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Check Out Normandie Luscher’s Story

Today we’d like to introduce you to Normandie Luscher.

Hi Normandie, we’d love for you to start by introducing yourself.
I was the type of kid to draw and draw and make art out of everything and anything. I remember turning one of my bookshelves into a diorama with handmade props. I was either writing my own stories, putting on plays with my cousins, or dreaming up some projects in my free time. In many ways, I am still the same; I am always thinking of a new project, and if I had 9 lives, I might be able to accomplish all my many goals and ideas. When choosing what to do for my undergraduate degree, I was drawn to Illustration since it was broad and allowed for narrative work that could include words and images. I later realized that Illustration could encompass anything I wanted it to. After graduation, I moved to Brooklyn to pursue textile design. I started working at a textile studio that organized historical swatches that large companies and designers used as a reference to create their fabrics for clothing lines and other merchandise. I then worked at Anthropologie doing window displays for the holiday windows in Rockefeller Center. Simultaneously I met a seamstress, and we started creating our designs and small fashion line. It was a dream to start a company, but we realized how many obstacles we would have to overcome to turn our small idea into a sustainable business model. The seamstress pursued other work, and I followed graduate school, which brought me to MICA. Since being in Baltimore, I’ve found such an affluent community and have been able further to explore my interest in storytelling and surface design. So I guess I’m still trying to juggle my various interests and passions.

I’m sure you wouldn’t say it’s been obstacle-free, but so far would you say the journey has been smooth?
Not. I think my path has very much been that of trial and error and throwing a lot of spaghetti at the wall. I’ve had ideas that I thought would be a home run to turn project ideas into viable income, but they did not yield the expected results. In being an illustrator, I spend a lot of time asking others for permission to bring an idea to fruition in the form of getting a pitch to an art director or an editor or agent, and often what I think will receive positive feedback doesn’t really. Other times I won’t be very excited about a project, which is what people respond to. But I consider the feedback or lack of feedback as market research. This past year I spent time developing children’s book ideas and pitching those through e-mail, and there wasn’t much response. Still, when I started sending out some greeting card designs, I got more positive responses and have since begun working with an agent to distribute my illustrated products. Sometimes, it’s just about timing and clicking with the right director or collaborator, and you never know when or where that will happen. I continue to reach out, and sometimes, nothing comes of it, but that 100th or 1000th time, something might! While pursuing commercial work, I continue to work on my artwork and storytelling because it keeps me sane and consistent when my illustration opportunities ebb and flow.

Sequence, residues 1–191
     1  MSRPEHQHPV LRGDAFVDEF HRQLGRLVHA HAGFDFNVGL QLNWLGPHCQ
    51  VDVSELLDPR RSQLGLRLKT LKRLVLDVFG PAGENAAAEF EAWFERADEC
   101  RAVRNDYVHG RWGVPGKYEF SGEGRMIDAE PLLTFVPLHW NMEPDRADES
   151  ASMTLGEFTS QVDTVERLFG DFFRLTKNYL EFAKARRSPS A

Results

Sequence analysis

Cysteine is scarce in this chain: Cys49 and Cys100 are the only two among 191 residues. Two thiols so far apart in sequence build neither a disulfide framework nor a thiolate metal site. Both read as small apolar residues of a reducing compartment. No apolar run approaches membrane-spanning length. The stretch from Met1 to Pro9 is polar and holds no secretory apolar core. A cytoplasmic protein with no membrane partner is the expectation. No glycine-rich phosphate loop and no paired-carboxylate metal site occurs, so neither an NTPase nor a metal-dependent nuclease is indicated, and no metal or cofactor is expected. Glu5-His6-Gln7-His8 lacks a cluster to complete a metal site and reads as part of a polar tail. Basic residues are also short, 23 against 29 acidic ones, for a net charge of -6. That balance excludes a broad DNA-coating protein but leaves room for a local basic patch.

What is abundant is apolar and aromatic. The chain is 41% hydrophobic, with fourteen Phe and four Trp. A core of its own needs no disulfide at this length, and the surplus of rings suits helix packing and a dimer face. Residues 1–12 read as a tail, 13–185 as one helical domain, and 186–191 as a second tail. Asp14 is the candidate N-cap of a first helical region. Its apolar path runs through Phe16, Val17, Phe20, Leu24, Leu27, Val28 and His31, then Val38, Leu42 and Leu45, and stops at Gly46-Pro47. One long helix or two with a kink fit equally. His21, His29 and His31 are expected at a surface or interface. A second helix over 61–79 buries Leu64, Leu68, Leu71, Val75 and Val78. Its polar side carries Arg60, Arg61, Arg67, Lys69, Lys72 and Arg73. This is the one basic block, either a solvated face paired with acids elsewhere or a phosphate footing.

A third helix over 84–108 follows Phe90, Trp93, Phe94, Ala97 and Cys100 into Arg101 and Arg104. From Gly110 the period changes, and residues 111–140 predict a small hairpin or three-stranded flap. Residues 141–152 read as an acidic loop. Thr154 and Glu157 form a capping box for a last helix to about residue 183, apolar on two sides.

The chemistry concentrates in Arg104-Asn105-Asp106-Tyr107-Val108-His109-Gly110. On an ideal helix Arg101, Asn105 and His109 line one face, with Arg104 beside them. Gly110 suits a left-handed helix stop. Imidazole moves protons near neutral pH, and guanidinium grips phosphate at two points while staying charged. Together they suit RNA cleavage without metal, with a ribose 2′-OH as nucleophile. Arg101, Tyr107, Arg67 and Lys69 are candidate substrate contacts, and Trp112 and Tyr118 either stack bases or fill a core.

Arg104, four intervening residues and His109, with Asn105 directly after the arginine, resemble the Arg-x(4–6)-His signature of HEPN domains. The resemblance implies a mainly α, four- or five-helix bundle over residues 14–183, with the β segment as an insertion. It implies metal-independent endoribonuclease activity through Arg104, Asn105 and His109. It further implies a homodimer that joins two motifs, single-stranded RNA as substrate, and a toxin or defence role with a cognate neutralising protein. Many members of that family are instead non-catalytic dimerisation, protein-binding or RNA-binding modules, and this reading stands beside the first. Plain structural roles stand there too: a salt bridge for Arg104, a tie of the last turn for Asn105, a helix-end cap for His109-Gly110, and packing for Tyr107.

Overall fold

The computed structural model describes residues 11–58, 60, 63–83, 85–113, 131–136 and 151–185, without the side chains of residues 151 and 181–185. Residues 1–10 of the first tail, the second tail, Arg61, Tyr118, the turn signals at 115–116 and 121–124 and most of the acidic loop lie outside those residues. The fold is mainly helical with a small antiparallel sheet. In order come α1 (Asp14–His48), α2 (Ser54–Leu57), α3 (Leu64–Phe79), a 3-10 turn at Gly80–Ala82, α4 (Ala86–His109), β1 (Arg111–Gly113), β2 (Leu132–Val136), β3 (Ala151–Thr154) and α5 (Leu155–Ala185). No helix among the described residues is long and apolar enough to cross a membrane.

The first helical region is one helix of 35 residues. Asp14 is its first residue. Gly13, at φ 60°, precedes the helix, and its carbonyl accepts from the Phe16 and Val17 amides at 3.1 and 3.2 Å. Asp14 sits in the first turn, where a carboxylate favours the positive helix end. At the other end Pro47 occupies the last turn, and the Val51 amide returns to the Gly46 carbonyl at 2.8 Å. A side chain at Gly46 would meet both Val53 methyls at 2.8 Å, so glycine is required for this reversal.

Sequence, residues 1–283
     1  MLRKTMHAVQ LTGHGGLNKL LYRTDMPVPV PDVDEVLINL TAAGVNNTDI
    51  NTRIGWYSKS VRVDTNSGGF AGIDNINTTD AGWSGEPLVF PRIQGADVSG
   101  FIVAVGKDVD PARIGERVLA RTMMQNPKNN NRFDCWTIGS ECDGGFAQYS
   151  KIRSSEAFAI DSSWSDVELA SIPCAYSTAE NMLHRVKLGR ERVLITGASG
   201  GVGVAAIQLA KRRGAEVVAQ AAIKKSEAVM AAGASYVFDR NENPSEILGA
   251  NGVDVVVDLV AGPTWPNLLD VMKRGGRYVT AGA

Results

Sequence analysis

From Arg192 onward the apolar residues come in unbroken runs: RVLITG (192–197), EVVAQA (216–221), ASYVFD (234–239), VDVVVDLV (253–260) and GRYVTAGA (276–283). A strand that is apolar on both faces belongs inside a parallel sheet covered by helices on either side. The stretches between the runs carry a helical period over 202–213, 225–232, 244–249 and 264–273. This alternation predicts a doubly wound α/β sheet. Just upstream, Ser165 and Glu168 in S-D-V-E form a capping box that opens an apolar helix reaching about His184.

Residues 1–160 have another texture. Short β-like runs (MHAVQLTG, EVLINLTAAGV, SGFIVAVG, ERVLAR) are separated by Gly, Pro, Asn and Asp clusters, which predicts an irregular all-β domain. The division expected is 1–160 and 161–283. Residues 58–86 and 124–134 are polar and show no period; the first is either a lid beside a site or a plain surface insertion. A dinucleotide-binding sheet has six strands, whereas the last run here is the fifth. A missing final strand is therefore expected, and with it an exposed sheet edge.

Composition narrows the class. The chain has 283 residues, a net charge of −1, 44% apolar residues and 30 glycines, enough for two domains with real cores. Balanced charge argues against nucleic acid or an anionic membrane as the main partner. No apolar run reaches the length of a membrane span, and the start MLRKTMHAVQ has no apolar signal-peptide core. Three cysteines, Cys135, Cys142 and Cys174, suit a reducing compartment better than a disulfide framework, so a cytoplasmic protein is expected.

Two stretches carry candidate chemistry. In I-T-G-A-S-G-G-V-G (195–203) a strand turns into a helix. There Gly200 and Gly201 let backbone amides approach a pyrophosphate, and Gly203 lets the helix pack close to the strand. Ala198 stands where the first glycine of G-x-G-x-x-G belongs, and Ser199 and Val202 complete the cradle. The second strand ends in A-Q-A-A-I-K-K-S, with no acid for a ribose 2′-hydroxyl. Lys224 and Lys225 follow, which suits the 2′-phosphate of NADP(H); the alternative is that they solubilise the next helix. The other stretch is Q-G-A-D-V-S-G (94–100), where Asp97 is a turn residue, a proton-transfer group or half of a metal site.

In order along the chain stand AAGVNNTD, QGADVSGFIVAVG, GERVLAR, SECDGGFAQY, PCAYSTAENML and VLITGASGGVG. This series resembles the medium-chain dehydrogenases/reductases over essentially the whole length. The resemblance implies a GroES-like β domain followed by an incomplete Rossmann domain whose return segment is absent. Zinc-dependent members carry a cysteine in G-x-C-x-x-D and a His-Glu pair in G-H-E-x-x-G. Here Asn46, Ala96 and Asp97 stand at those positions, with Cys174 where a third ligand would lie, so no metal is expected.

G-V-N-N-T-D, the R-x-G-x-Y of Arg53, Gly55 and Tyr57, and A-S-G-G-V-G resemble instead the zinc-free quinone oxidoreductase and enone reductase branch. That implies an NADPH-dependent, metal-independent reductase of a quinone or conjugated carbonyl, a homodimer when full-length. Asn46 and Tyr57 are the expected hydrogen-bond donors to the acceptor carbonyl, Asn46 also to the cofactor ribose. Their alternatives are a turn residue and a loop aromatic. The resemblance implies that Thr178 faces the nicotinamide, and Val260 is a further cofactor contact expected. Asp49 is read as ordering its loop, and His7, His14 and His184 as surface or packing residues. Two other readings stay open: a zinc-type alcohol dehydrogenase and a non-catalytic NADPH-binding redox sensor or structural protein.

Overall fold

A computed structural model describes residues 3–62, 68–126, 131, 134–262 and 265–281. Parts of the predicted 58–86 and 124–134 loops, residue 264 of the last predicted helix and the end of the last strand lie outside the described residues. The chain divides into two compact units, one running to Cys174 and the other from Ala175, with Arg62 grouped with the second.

Thanks for sharing that. So, maybe next you can tell us a bit more about your work?
I am interested in illustration and graphic design, which shows in my work. I’m generally known for using bright ‘candy’ colors; I’ve never been afraid of colors, and in a world that can be challenging, why not brighten things up? I’ve also been developing more lettering work, especially in my greeting card designs, and I am teaching Hand Lettering at MICA for my 4th year. I’ve been enjoying making greeting cards over the holidays for the past few years, and expanding the line of designs this last spring was fun. I am pretty infatuated with being able to draw something digitally and then turn it into a tangible 3D object that people can interact with. In addition to my surface design work, I’ve had an ongoing narrative project since I lived in New York that is in the process of becoming a graphic novel. It takes a lot of time, and I anticipate it will take years, but I’ve started posting one chapter at a time on an Instagram account for my comics. It’s a different type of project and isn’t as commercially based, but sometimes I have stories I just feel I need to tell. My work goes across several genres, from design to fashion to narrative work, but I think my style and use of color are a throughline for my various projects.

We’d be interested to hear your thoughts on luck and what role, if any, you feel it’s played for you.
I have been lucky in many ways, mainly to have parents who supported my creativity and mentors who encouraged me in my work; not everyone has that kind of support. I’ve felt fortunate to be a part of the undergraduate and graduate programs I was in and to spend time around so many interesting and talented people. Regarding my career opportunities, I could be lucky to meet certain people and times. Still, I also think that if you’re consistently making and pursuing your goals, you’re bound to connect with other people, which can lead to opportunities.

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